It’s particularly tough for some of our younger colleagues just starting out in their careers; we can provide remote induction programmes covering all the technical material, but how do they build up their networks with colleagues who they are not interacting with as part of their roles? And as a manager, it’s much harder for me to get that early warning that things may not be going so well with a particular project, or to step in with some coaching when I hear a difficult conversation unfolding at the next desk.
It’s also a different story for some colleagues who never expected their homes to double as their place of work. In some cases, space is severely limited and shared with other family members, making privacy difficulty and concentration impossible. For others, the social isolation of spending days at a time at home without any physical company has created significant challenges for mental health and wellbeing.
So what is the future for all those expensive, city centre locations which currently sit empty – do they still have a role to play?
Most firms accept that working practice will not go back to how it was. Staff are unlikely to re-embrace that expensive daily commute just to sit at a computer when they can deliver the same work from home. But there’s so much more to our working day than that! Collaboration, collective problem solving, building rapport, training and development all have aspects that are hard to achieve without getting people together in a room.
Companies that want to win the war for talent are already thinking hard about the best way to use the space they have, to give people the flexibility they are looking for while also meeting their business needs.
A blended approach, where colleagues come together for specific purposes seems likely. Where it used to be fashionable to run “offsite” meetings to take people away from their day to day activity, perhaps that will be the new “onsite”. This may mean a radical re-think about office configuration, with more flexible meeting spaces with whiteboards and decent coffee machines, less rows of work stations, ergonomic chairs and filing cabinets. Companies that want to win the war for talent in this highly competitive market are already thinking hard about the best way to use the space they have, to give people the flexibility they are looking for while also meeting their business needs.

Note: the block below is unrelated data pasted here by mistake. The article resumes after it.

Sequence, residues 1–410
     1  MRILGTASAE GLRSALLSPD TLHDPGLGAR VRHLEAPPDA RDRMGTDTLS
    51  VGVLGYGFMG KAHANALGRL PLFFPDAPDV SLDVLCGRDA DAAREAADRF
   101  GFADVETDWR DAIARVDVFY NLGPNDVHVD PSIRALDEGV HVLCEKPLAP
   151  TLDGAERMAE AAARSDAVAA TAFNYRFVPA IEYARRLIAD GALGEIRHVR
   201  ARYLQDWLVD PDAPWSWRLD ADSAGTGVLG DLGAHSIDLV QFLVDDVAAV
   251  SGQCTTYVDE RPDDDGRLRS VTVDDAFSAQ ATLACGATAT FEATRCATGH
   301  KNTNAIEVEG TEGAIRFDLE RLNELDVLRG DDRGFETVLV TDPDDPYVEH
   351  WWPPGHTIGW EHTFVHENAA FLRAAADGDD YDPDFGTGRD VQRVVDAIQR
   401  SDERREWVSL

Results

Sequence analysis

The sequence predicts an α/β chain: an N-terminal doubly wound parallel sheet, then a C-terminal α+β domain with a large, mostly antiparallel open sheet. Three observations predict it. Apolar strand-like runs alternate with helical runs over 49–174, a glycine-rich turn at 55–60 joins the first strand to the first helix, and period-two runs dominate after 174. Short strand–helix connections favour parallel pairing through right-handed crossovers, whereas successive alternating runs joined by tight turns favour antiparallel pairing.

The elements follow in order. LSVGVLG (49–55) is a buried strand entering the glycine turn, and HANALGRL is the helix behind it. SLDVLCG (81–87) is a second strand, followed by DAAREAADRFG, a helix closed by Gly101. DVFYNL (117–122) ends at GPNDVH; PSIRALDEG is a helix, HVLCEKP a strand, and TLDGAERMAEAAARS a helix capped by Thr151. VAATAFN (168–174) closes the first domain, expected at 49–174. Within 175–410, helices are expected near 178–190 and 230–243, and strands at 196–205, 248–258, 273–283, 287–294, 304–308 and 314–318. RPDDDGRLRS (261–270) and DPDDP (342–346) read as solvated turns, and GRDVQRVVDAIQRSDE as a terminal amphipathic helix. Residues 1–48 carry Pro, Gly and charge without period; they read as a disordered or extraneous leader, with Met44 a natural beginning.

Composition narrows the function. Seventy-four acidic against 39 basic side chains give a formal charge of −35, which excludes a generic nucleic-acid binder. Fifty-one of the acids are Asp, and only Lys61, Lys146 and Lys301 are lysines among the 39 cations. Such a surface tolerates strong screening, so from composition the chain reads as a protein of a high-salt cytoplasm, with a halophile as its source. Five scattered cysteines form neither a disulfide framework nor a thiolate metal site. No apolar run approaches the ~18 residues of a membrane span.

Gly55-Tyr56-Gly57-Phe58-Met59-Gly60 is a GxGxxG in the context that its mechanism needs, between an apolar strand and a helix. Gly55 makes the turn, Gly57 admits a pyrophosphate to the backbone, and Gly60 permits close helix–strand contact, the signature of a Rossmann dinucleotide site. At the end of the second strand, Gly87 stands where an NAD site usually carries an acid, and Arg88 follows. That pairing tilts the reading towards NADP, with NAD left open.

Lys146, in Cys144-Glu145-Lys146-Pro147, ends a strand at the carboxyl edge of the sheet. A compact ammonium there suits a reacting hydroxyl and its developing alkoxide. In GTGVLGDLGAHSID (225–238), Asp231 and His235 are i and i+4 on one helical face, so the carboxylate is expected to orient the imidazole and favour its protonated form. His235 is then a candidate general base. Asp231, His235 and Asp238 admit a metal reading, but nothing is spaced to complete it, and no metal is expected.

We may never quite get to the beanbags and pool tables favoured by some tech start-ups, but life in the post-Covid City is almost certainly going to look and feel very different to what has gone before.
Managing Director, ASI Luxembourg SA
Helen Webster is the Interim Managing Director of ASI Luxembourg SA, following six months acting as one of its Conducting Officers. Previously Helen was Chief Executive of Aberdeen Life and was also responsible for Aberdeen’s UK, Irish and Cayman product ranges. Prior to joining Aberdeen, Helen worked at Aegon where she qualified as an actuary, before moving into product development and becoming a director of its Irish funds business. Outside work, Helen is a member of the Scottish FA’s Equality and Diversity Advisory Board.